When we first designed our garden, in the organic, free-form way that we created it – we were busy going outward, building paths and garden beds to get the bare basics of the garden done. This has taken a good few years, but now we are finally at the point where we are happy with the general structure and layout of the place. I love that five minutes – sometimes two! – before I get in the car to go to work, where I go out the front door, go round to the right, jump off the deck, walk past my bus and the firepit, past the pond, pass the outer vegie beds, in through the south gate of the vegie patch to check on what’s growing, out through the north gate THEN get in the car for work. It’s a roundabout way, but it’s the pure, in the moment enjoyment of the garden, in the few precious moments I have in a working week, that can last me through the day until I get home and do it all again. I love the early morning sunlight dressing everything in gold, the snails retreating, the spider webs glistening with dew. The way we’ve laid it all out means that the space takes longer to walk around, and there is a lot to look at now, between baths and outdoor showers and sculptures and compost heaps and fish ponds and aquaponics! But it always has a great sense of balance for me that I don’t always get in my day.
Now, we are working our way inward – like the labrinth, you go into the centre of things. By going into the centre you can discover things about yourself that perhaps you have known all along – that you love beauty, and art, and peace, and harmony. Hence the outdoor bath (see the post “On Bathstronomy”) – as well as trying to infill gaps with plants that balance across the garden – the red of the kangaroo paws with the burgundy of the Japanese maple, standing stones that lead the eye toward the sun or nestle above a tiny hill that’s visible from the kitchen window, or a fishpond.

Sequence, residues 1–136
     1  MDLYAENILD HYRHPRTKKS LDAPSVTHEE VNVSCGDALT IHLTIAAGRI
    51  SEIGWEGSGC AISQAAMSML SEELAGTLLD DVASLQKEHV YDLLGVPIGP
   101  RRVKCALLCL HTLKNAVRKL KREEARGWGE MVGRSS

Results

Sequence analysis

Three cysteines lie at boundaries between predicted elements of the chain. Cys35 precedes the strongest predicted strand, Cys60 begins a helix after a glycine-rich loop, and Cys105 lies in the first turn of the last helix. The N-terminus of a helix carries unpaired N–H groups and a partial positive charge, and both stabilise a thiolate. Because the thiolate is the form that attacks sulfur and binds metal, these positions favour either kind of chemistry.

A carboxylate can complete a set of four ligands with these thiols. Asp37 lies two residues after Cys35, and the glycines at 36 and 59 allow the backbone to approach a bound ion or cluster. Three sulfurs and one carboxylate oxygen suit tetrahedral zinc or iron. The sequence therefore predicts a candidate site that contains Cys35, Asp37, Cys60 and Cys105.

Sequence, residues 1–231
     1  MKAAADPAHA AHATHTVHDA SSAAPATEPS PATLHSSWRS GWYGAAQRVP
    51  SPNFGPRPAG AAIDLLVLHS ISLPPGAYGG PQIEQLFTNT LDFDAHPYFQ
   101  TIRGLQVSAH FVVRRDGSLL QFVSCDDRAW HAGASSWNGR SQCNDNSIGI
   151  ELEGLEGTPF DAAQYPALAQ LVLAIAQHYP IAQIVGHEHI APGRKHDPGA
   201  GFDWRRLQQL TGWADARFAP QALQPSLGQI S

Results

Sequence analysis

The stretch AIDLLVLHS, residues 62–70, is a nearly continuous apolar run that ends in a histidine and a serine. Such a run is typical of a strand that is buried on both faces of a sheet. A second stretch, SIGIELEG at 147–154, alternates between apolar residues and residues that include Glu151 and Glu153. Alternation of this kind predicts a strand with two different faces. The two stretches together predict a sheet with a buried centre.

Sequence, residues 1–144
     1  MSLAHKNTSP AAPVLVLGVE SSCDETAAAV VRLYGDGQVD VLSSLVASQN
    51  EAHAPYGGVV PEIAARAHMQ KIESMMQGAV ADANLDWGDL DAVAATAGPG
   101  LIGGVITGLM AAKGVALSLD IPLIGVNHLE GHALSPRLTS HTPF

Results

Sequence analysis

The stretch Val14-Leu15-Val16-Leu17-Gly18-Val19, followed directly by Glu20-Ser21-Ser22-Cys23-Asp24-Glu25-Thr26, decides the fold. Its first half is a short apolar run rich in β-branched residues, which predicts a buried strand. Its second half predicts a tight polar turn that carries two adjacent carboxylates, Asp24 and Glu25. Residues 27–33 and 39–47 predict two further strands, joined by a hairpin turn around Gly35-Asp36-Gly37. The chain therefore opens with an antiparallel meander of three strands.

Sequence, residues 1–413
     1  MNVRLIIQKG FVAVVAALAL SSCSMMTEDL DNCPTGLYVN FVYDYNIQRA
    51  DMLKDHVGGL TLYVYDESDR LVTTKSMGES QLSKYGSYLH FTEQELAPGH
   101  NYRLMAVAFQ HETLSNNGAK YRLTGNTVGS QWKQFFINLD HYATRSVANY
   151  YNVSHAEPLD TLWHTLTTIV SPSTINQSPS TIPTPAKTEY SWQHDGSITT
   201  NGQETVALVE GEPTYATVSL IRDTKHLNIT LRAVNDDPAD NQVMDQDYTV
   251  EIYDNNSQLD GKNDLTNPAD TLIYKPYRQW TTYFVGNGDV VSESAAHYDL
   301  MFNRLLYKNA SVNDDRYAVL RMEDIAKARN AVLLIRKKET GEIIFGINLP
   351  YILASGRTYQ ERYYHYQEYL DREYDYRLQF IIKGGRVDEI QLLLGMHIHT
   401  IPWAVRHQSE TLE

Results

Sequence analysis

Today’s project was paste ups – a kind of graffiti art that involves wheatpaste and a drawing on paper. Today I spent four hours drawing the dragonfly and two minutes pasting her on the wheel arch of the bus (our guest room, a ’60’s Bedford Comair) – all for the sake of beauty and art, peace and harmony. On one wing is England, with the moon and Glastonbury Tor, and on the other, Australia, with Pt Roadknight and the sun – the wings balanced. I wish I’d photocopied her first, because I smudged it a bit with the wet wheat paste, but you learn from your mistakes as you exit the labrinth, and then go back in to start again, or look at it again anew. What I relearn about myself, over and over, is how much I love the beautiful, the harmonic, the aesthetic. I love being creative, even though in my busy life, I don’t always get a chance to be. I love the pleasure I get from this aspect of gardening – it doesn’t always have to be purely functional, like the box of potatoes I pulled from the earth this morning. It’s about the balance, isn’t it? Function and beauty – now there’s the peace and harmony for me. Tip the scales, and I suffer.
What do you think? What art do you put in your garden? How do you beautify your space?